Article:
As Manitoba Hydro battles power outages caused by melting spring snow in Canada, overseas the Crown corporation is becoming one of Africa’s key power players. Most recently, subsidiary Manitoba Hydro International (MHI) won a $23.7-million contract to manage the Transmission Co. of Nigeria, the state-owned power utility. MHI has a three-year mandate to reorganize the company, move it toward profitability and prepare it for privatization.
Between government interference, political instability and labour strikes, doing business in Africa can be difficult. But MHI, created in 1985 to offer management and training services to foreign clients, has found a niche as a turnaround specialist, a kind of Dr. Phil for the power sector. With the Nigerian contract, it serves 28 million households, compared to 542,000 at home.
MHI has already met with challenges, however. Although it first landed the contract last July, just as work was about to begin in September, CEO Don Priestman said MHI did not have authority to proceed. Then in November, Nigerian President Goodluck Jonathan announced the contract had been cancelled, saying the correct procedure wasn’t followed. The uncertainty continued until last month, when Transmission Co. CEO Olusola Akinniranye finally announced that MHI had “fully taken over the company.” Today, the handover is so fresh Manitoba Hydro spokesman Glenn Schneider says “the issue is sensitive” and that “no one is available authorized to comment.”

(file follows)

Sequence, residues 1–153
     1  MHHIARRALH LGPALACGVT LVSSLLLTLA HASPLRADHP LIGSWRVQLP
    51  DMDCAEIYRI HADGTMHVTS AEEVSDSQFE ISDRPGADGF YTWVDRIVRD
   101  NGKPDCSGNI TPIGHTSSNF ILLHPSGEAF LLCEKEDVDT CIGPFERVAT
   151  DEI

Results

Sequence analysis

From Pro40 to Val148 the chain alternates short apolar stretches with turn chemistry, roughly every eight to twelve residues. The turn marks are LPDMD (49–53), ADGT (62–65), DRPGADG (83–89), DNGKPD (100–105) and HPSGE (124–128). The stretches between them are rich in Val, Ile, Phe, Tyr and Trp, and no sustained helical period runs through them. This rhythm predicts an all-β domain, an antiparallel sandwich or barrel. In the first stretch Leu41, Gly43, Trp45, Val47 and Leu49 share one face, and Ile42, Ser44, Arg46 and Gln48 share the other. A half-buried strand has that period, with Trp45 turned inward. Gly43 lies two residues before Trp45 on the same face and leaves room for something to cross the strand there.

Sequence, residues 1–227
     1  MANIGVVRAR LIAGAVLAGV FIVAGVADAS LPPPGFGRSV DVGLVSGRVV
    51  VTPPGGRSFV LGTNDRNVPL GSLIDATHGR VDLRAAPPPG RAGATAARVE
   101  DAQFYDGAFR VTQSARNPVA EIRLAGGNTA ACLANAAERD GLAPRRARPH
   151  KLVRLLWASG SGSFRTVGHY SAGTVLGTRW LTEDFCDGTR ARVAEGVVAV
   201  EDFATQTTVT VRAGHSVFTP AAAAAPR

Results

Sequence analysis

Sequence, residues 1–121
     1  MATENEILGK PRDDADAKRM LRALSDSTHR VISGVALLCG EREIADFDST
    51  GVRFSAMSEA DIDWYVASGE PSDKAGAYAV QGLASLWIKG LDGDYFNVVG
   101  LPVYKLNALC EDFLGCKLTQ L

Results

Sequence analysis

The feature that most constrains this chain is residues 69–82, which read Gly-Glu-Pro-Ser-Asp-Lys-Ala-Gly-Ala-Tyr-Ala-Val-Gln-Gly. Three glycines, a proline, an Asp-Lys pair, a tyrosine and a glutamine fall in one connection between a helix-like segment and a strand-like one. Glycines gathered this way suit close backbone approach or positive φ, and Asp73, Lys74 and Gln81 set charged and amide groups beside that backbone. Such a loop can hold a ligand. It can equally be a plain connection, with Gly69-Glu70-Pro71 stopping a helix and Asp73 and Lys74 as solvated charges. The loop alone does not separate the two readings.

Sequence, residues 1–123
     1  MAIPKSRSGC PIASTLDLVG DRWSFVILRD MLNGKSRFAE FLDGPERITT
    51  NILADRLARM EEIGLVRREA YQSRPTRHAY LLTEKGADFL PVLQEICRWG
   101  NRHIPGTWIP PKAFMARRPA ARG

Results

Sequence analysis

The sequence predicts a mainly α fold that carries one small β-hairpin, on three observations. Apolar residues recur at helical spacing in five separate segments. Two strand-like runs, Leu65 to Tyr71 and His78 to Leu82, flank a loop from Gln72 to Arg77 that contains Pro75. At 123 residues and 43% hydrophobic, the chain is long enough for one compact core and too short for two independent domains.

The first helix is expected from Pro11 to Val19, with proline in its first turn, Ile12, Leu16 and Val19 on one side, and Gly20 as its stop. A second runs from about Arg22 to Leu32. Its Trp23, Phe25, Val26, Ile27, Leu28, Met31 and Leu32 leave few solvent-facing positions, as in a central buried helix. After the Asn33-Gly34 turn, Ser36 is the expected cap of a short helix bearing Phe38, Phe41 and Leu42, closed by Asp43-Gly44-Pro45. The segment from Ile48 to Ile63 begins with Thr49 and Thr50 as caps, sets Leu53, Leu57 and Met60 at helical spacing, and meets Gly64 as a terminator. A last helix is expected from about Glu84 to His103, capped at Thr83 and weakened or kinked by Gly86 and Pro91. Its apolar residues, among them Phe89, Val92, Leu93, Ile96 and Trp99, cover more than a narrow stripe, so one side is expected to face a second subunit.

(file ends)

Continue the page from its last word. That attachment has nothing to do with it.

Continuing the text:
The Canadian company is engaged in a battle for the African power market as countries sell off state-owned utilities in an effort to upgrade their infrastructure. America’s Blackstone Group, China’s Sinohydro, Germany’s Siemens and Korea Electric Power Corp. are just some of the firms jostling to get in on the action. Though Africa has 15% of the world’s population, it accounts for only 3% of energy consumption. Most sub-Saharan African countries have an electrification level under 30%. Excluding South Africa, the entire installed generation capacity of the region is 28 gigawatts, equivalent to that of Argentina. Experts see privatization as necessary to shift the continent’s economies from commodities and agriculture to industry.
“They’re going to have a difficult job,” Melet says of MHI’s Nigerian contract. But given the potential upside, it’s worth the trouble.